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Dallying In The Dirt, Issue #372 - We find a way to freeze peppers.
September 06, 2020
Perennial grasses are wonderful additions to the garden and autumn is their time to show off. Many of them will produce a wonderful inflorescence that becomes a treasure trove of seeds to feed the birds during the winter. This large clump of Zebra grass Miscanthus sinensis ‘Zebrinus is lighting up the front garden right now and should start to throw its inflorescence any day now. I attacked this clump early in the spring and removed over half of it and it showed no ill effects. In fact it seems to be as big as it was last year. I moved a couple of the pieces that I dug up, to the back yard along the fence and they both appear to be alive, one more so than the other, but neither of them are anywhere near the size of this one. By the time it has finished flowering this mature piece will probably be well over 2.5 m tall. I will leave it all winter and cut it to the ground before it starts to sprout next spring. The big question is whether I again remove some of it
or just let it take all the space it wants. It’s crowding the Rhubarb in front of it.
Creeping Charlie, Ground Ivy, Glechoma hederacea or several unprintable names are applied to this invasive member of the mint family. It loves to take over areas of turf and it will survive and stay green when the drought has completely devastated the lawn. The very dead looking plants here, have been sprayed with 10% vinegar which takes the foliage off, like this, in a few hours. If you look closely, the green, ground level stolons that give it its “creeping” name still appear to be a bit green. I plan to rake it with a stiff toothed rake to remove as much as possible. I may give it another shot of the vinegar first to get the spots I obviously missed and to try and dry out those stolons. As the weather cools and starts to get a bit more moisture, it is the perfect time to overseed this area with lots of grass seed. This is just another in my string of efforts to eradicate the Ground Ivy. It stayed a nice rich green during the worst of this summer’s drought and heat, it spreads rapidly and even has a nice blue flower, maybe I should just give in and let it be my new lawn. If it would just stop at the edge of the flower and vegetable beds I might consider it.
Here is another of my love/hate relationships. At this time of year the Japanese Anemone, Anemone hupehensis, or windflower can be seen standing above all of the other perennials in my garden and the delicate pink flowers on long stems are gently moving with the wind, providing its common name. I admit to enjoying them right now except that I have fastidiously dug them out of that bed, at least twice. The smallest piece of their, very deep, roots left behind will quickly populate a fresh new stand of them. If they stayed in a nice, well behaved, clump I would be glad to have them. They don’t. In just a few seasons they will be popping up all over this large bed easily crowding out many less aggressive and usually more desirable, species. I’ll be digging again this year or maybe breaking a law or two by carefully painting their leaves with an effective chemical that is not licensed for that application.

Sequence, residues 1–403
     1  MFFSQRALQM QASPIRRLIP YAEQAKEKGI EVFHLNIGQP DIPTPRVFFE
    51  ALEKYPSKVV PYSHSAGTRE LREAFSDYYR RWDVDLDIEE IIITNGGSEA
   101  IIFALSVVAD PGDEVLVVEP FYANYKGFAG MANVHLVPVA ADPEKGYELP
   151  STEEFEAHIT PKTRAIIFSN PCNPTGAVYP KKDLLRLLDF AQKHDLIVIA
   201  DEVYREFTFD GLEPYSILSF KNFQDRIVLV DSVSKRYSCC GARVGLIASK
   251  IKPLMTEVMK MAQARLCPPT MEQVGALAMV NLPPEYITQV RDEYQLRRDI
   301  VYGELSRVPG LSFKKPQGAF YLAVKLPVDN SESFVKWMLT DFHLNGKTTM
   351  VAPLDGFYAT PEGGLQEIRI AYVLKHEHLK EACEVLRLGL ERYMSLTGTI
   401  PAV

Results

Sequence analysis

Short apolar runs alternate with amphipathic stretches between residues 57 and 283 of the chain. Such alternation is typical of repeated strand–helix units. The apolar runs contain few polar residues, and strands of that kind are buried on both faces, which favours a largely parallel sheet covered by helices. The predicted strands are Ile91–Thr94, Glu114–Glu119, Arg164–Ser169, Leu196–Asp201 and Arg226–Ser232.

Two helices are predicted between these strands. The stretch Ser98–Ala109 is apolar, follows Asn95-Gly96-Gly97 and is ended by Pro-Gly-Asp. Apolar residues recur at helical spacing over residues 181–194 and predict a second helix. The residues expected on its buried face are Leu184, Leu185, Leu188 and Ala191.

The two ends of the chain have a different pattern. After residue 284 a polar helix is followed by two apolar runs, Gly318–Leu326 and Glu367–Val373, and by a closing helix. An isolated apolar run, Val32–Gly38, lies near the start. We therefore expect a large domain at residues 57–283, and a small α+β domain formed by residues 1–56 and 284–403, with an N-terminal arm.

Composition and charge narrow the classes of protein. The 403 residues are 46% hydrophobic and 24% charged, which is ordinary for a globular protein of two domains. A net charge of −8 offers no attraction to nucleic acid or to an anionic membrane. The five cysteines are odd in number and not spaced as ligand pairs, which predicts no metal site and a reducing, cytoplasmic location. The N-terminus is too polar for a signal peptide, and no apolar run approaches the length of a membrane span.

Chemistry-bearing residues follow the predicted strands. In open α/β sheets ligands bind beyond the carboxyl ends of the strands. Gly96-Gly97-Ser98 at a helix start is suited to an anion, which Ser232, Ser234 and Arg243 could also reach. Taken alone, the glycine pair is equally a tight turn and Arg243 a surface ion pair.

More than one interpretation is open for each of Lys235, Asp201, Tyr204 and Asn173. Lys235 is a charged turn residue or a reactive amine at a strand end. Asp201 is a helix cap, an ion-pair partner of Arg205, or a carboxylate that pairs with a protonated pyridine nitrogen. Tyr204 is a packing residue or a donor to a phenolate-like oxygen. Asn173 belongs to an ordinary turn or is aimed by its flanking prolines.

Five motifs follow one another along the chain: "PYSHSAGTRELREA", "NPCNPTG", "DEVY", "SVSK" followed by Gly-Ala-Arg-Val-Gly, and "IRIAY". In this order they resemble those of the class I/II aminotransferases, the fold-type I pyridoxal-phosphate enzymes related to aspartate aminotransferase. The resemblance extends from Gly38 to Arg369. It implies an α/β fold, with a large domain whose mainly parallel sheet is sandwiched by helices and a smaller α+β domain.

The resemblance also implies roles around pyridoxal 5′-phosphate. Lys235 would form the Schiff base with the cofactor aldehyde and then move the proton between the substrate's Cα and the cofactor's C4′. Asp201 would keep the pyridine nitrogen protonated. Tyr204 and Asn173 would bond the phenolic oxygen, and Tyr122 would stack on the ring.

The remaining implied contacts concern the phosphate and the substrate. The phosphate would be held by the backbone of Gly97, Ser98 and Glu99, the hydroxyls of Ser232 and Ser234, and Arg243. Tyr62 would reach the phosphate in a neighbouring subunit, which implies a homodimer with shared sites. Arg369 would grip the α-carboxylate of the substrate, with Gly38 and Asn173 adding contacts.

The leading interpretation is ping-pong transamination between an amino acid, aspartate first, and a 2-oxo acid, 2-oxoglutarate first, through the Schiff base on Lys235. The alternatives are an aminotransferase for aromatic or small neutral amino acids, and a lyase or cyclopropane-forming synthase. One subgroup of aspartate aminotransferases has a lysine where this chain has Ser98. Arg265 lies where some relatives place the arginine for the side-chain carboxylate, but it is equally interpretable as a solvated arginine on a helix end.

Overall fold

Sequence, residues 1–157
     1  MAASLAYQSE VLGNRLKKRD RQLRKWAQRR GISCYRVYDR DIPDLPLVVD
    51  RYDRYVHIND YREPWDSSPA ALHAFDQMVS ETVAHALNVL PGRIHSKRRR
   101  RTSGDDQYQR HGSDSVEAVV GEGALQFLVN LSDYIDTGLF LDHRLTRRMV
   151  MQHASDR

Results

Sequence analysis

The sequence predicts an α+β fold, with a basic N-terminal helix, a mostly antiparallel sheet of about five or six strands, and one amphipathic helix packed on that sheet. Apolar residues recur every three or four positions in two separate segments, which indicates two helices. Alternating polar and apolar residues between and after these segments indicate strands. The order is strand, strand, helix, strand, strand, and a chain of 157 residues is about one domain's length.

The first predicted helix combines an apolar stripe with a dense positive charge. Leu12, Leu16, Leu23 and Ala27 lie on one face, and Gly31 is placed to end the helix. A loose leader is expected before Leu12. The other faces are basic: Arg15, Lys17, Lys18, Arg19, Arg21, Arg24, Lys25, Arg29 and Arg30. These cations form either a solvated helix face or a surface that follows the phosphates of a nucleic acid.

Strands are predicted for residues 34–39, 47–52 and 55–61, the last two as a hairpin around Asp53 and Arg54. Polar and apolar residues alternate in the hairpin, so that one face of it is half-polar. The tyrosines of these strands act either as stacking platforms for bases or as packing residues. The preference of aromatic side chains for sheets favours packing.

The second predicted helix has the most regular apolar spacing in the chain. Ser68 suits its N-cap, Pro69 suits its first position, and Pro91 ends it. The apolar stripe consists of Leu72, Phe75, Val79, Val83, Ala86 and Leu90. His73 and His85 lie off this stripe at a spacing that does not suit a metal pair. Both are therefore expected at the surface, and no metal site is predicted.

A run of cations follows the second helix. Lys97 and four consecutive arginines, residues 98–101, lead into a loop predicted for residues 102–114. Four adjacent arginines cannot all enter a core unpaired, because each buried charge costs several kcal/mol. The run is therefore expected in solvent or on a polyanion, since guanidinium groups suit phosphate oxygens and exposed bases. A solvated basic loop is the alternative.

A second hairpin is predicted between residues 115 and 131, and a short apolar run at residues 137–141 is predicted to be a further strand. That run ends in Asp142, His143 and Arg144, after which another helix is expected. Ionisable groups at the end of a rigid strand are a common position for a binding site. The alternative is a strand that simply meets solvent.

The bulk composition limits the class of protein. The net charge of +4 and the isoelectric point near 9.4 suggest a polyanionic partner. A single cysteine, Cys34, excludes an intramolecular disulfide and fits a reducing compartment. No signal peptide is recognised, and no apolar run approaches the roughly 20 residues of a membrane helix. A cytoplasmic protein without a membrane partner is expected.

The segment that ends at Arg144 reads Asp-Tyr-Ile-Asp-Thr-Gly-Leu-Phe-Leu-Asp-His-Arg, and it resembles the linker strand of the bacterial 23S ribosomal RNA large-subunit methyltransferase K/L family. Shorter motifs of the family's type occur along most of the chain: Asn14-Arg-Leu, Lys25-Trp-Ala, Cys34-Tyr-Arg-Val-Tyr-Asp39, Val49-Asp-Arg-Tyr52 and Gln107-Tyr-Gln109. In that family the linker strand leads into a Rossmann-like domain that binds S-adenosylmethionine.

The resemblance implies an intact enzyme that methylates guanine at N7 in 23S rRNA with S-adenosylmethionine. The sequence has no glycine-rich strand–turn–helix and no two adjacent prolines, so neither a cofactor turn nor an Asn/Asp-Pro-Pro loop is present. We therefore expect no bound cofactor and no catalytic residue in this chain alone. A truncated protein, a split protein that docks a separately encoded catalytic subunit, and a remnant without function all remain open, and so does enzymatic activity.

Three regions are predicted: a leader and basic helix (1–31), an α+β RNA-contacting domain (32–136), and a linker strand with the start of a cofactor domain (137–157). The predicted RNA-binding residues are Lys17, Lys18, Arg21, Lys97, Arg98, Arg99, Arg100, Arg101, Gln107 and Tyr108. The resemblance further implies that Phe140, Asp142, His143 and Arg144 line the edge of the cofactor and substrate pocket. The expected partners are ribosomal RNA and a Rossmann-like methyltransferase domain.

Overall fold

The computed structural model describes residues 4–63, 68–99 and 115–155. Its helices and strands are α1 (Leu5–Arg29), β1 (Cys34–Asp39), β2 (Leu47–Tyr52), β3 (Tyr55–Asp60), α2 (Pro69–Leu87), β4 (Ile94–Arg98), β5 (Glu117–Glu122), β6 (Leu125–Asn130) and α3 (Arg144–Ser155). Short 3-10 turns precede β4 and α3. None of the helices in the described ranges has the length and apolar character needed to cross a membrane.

A few of my Peppers did really well this year leaving us with an abundant harvest. We have eaten them almost every day in many forms and they have gone into a few of the frozen meals, such as the Spaghetti Sauce and still we have a surplus. Here we have seeded them and cut them into big flat chunks and will freeze them on these cookie sheets, so that they are separate pieces and then we can bag them for use all winter in stir fries or similar recipes. The big secret is to make sure they are dry so that they remain as separate pieces in the freezer bag.
I hate to admit that I’ve never understood why vegetable gardeners would grow Kale? ☺ I grew this one because the All America Selections people sent it to me to trial. It is very decorative and maybe deserves a spot in the ornamental garden. As we were looking for recipes to make and freeze for the winter, I looked particularly for recipes using Ricotta cheese because I had purchased too much of it for my Moussaka recipe. Stuffed Cannelloni caught my attention. It asked for the Ricotta to be mixed with frozen chopped spinach. I didn’t have any Spinach but I did have an excess of Swiss Chard and this Kale. Why not try a substitution. I cut out the heavy central veins of both and then poured some boiling water over them to wilt them. They got mixed with the Ricotta and stuffed into the Cannelloni shells and cooked in a Marinara sauce that used up a good quantity of our excess tomatoes. It was delicious. The Kale and Swiss Chard are still thriving in these cooling autumn days so I will need to buy some more Ricotta cheese and, just maybe, add Kale to my regular vegetable garden list or more likely I’ll use this variety and keep it where it’s decorative appeal makes it a multi use addition to the garden. Never too old to learn new things!
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